Strategy map – Adapted from Kaplan and Norton, 2004

Figure 2: Strategy map – Adapted from Kaplan and Norton, 2004

The strategy map starts with a vision and follows a V approach, which is top-to-bottom followed by bottom-to-top. The top-to-bottom approach means that the vision dictates to all the lower levels in the organisation, while the bottom-to-top approach enables the organisation to link activities back to the vision. Each of the perspectives can be viewed as a level, as each perspective is dependent on the one above it. The top-to-bottom flow enables an organisation to take the vision and break it down into its different components, as shown in figure 2 above, and eventually into different projects. It must be made clear that not all the components need to be incorporated into the strategy. The four perspectives on the left-hand side of figure 2 above provide the different focal points of the strategy map, namely Financial, Customer, Internal Process and Learning & Growth. The main reason for using strategy maps is that they take a broader view than just the financial perspective. For more detailed information on Strategy Maps, refer to Kaplan and Norton, 2004.

In the next section, the strategy map is discussed using these four perspectives. The Financial and Customer perspectives deliver the organisational strategies, whereas the Internal Process and Learning & Growth perspectives deliver the business objectives.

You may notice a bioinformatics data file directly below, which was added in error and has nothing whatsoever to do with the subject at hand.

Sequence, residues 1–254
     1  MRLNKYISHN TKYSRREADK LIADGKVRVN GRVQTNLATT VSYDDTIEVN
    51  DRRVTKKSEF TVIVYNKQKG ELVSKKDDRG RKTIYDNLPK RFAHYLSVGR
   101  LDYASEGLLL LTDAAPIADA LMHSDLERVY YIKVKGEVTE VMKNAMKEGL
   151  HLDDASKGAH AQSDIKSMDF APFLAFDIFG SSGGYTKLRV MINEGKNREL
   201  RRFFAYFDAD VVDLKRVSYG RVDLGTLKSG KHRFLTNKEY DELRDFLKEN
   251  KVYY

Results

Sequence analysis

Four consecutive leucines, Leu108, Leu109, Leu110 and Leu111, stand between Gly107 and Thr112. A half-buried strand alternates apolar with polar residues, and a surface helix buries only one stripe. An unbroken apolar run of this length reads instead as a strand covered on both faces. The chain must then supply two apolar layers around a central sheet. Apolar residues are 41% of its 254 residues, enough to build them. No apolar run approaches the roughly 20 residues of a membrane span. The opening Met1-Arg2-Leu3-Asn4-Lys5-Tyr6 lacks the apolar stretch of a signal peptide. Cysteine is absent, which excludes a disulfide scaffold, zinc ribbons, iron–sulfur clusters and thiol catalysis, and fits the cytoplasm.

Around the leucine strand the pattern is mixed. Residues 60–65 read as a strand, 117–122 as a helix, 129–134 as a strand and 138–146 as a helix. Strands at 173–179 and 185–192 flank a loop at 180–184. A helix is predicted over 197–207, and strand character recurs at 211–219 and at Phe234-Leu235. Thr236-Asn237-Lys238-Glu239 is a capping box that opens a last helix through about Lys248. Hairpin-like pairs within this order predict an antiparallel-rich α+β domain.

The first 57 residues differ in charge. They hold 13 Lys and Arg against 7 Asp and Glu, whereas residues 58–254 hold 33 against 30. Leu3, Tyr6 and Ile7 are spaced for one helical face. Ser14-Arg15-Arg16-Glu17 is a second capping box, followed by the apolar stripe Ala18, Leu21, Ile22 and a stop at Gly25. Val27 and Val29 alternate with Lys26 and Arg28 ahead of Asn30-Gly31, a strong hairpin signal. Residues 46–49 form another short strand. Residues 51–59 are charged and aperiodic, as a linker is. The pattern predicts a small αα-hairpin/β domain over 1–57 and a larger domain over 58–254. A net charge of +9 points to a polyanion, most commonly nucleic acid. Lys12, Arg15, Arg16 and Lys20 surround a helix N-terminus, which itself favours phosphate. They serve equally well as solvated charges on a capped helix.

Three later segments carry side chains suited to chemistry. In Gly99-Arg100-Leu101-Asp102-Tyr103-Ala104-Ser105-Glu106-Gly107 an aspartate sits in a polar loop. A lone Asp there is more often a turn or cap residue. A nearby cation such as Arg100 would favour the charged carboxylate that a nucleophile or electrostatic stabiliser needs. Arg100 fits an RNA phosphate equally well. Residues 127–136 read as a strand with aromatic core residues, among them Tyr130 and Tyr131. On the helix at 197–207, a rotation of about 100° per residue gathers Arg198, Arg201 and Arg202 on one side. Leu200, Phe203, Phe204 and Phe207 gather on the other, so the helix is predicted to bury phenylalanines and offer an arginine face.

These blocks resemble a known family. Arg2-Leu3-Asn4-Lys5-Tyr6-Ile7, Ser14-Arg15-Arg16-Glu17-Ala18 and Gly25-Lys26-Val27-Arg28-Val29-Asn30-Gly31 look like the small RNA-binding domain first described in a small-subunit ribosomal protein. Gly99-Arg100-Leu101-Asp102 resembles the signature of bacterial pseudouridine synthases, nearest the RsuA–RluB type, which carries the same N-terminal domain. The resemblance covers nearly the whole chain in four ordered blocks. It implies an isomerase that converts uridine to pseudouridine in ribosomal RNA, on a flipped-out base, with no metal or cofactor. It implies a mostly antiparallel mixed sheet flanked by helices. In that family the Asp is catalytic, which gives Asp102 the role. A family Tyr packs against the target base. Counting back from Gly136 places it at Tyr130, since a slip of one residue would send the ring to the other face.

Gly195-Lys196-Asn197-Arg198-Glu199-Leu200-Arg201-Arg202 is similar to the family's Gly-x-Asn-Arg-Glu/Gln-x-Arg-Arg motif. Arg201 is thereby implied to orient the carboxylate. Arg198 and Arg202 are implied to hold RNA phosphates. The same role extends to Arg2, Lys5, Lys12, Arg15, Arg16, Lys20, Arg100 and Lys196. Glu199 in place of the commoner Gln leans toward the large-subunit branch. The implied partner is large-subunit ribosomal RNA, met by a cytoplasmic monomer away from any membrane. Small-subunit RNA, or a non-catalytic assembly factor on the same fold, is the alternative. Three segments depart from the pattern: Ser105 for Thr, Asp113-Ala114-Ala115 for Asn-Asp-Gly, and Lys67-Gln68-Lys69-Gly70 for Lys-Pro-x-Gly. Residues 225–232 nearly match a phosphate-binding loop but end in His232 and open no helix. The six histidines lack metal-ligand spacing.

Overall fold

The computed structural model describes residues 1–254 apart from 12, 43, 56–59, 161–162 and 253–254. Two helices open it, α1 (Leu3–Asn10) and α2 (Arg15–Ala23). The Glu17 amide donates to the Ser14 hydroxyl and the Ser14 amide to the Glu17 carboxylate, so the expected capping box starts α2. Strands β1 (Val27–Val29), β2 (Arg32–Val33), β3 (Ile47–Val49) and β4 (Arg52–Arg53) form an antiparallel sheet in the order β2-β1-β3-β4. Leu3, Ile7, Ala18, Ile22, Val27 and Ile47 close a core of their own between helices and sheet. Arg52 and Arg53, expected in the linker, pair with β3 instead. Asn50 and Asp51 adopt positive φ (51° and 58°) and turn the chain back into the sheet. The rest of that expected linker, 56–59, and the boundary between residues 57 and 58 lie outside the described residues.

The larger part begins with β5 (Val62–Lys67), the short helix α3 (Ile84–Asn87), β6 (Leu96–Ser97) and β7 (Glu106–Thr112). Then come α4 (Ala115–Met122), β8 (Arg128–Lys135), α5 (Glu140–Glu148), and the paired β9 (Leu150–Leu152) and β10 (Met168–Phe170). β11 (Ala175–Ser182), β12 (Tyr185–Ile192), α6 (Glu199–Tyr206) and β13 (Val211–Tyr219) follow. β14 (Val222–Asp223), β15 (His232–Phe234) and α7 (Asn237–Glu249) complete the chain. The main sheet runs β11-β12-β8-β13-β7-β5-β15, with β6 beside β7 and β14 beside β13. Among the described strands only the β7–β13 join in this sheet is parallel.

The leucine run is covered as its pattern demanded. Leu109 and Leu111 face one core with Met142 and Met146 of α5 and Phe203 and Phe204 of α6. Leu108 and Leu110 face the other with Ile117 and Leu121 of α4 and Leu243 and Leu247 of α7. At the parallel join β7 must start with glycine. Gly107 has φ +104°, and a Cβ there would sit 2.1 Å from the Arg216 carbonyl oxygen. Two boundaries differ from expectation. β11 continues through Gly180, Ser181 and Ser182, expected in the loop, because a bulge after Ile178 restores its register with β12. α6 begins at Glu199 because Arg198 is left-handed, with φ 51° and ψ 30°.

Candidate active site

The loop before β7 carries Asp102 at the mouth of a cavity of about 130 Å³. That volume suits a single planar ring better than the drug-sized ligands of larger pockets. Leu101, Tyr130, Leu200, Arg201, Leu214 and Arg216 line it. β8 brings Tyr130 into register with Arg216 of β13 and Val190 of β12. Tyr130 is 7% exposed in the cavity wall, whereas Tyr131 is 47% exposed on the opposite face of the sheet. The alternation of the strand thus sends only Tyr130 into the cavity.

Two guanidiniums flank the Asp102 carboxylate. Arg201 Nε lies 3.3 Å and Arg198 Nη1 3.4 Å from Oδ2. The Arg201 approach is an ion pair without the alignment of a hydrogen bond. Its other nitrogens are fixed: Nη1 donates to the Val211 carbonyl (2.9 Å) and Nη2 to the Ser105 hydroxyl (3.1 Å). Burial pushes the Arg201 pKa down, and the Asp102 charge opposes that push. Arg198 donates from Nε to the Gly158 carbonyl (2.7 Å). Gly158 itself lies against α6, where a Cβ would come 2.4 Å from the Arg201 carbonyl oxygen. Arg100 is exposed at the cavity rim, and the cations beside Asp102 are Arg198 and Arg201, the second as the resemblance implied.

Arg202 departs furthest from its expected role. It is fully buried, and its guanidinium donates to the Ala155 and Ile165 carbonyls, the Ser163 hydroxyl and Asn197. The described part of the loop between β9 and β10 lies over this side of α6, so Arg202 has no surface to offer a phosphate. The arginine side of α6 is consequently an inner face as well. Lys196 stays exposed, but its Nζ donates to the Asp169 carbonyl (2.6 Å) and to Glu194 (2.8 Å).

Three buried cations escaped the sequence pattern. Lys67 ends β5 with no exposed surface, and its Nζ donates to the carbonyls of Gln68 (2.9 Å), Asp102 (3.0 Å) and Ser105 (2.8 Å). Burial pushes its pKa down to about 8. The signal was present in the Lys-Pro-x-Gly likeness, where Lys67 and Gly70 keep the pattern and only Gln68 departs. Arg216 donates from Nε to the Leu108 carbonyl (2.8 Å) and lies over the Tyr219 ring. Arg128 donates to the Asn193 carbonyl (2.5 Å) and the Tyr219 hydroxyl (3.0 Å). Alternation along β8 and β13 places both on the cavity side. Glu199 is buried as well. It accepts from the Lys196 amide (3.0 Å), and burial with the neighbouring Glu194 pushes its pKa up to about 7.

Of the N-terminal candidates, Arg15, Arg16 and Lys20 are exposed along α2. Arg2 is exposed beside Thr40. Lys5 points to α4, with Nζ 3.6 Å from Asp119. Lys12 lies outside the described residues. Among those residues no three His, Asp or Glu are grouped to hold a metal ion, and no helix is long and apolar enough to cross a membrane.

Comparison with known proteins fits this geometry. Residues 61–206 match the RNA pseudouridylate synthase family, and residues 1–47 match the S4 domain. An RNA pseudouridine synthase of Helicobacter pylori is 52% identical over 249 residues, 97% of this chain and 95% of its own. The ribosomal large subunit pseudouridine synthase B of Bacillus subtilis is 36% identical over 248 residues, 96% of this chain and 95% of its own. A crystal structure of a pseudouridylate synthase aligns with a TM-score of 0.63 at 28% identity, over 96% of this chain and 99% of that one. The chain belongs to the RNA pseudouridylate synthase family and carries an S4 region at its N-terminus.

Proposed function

Financial Perspective

Financial strategies relate to profitability and return on investment (ROI) and focus on the way that organisations become more profitable by increasing income or decreasing expenditure (Randoy, Oxelheim, & Stonehill, 2001). For non-profit organisations, profitability would equate to self-sufficiency, as money will always be a scarce resource. The financial performance of an organisation is improved through two basic strategies:

Growth Strategy

Organisations generate profitable revenue growth by enhancing and strengthening relationships with customers. This enables the organisation to sell more of its existing products or services or any new and additional products or services. Organisations can also generate growth by selling entirely new products, or by delivering products and services to an entirely new market segment.

Productivity Strategy